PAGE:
Our brains are arguably the most essential organ in our bodies. Combine that with the fact that they are also the least understood organ in our body, and the fact that they can do stuff we probably don’t even realize, and it’s easy to understand why “brain injury” is the medical term that installs massive fear in most people.
They can spell the end of life as we know it, but in some rare cases, a brain injury can lead to what’s known as acquired savant syndrome – a little understood syndrome that happens when some brains are exposed to trauma.
According to Mara Klemich, a neuropsychologist who has worked with traumatic brain injuries, explains it as when new skills or abilities emerge in a previously “normal” person. The new abilities follow a brain injury, stroke, or other central nervous system incidents, and even dementia.
More common skills are drawing and painting, calendar day calculations, math, music, and additional art abilities.
Dr. Klemich says there’s a common misconception that the skills can emerge in any area, which isn’t at all typical.
“The fact that extra-ordinary skills can surface post-brain-related injury or disease raises fascinating questions about dormant capacity potentially existing within us all.
The challenge, of course, if that is true, is how to access that hidden ability and and skill without some sort of brain-related disaster.”
Here are 4 people that came out the other side of traumatic brain injuries with skills they never would have imagined before it happened.
4. Alonzo Clemons
Alonzo Clemons was a toddler when a brain injury changed how he thought, learned, and communicated.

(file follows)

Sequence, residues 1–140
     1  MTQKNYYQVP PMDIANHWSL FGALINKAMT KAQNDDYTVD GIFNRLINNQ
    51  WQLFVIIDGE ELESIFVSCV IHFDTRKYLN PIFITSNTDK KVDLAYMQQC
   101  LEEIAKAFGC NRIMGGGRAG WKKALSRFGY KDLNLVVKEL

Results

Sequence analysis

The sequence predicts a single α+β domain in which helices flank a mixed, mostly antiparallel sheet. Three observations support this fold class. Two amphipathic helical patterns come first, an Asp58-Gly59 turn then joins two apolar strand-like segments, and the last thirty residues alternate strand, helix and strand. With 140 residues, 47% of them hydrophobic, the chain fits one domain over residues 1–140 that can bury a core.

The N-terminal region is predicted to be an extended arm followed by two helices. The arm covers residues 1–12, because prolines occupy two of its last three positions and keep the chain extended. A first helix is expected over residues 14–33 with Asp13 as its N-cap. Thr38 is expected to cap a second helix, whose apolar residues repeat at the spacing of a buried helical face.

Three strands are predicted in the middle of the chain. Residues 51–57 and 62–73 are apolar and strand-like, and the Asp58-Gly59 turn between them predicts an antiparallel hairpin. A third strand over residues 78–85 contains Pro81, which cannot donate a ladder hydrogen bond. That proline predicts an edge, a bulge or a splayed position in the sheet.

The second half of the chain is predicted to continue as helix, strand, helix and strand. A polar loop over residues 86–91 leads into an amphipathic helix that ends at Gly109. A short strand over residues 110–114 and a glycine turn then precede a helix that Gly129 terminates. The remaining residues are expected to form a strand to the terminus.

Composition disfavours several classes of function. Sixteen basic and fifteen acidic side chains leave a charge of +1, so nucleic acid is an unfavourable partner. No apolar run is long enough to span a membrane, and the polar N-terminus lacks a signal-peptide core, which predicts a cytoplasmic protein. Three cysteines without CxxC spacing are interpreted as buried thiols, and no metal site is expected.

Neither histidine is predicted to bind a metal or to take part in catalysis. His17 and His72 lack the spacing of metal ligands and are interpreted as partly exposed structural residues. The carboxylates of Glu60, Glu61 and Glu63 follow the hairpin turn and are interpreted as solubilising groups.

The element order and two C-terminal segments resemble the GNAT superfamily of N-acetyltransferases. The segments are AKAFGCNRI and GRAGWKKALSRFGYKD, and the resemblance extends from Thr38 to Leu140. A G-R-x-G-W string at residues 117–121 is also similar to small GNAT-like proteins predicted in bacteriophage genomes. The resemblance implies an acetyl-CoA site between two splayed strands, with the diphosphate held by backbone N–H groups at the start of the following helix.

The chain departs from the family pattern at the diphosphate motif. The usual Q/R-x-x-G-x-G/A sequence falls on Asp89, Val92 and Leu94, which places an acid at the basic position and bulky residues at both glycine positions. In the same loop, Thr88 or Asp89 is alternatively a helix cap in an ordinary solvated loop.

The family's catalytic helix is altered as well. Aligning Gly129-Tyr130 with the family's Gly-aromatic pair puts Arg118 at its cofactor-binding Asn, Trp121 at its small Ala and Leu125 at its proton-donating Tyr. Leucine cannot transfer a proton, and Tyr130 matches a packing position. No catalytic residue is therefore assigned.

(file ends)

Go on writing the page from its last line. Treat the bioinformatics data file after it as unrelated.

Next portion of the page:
He also began creating lifelike sculptures from memory, and after Rain Main brought savant syndrome into the public eye, Clemons’ public appearances exposed his artwork, which now hangs in galleries around the world.
3. Orlando Serrell
He was only 10 when he was hit in the head with a baseball, and even though he got right back up and continued playing, he had a headache that lasted for days.
When it disappeared, Serrell found he could name the day of the week for any date, and recall the weather, where he was and what he was doing, for every day since the accident.
2. Jason Padgett
Jason Padgett never went beyond pre-algebra in school, but after being attacked outside a karaoke bar and suffering a concussion and PTSD, Padgett was able to visualize and solve complex math and physics topics, as well.
1. Derek Amato
During a game of catch, Derek Amato fell and hit his head on the bottom of a Jacuzzi.
He suffered hearing loss in one ear, memory loss, and headaches, but he gained something in return – he could understand and play complex tunes on the piano without any training.
I’m still not going to line up for a knock on the head, but if scientists can use cases like these to figure out how anyone could unlock a special skill, I might take a number for that!
What do you think? Let us know in the comments!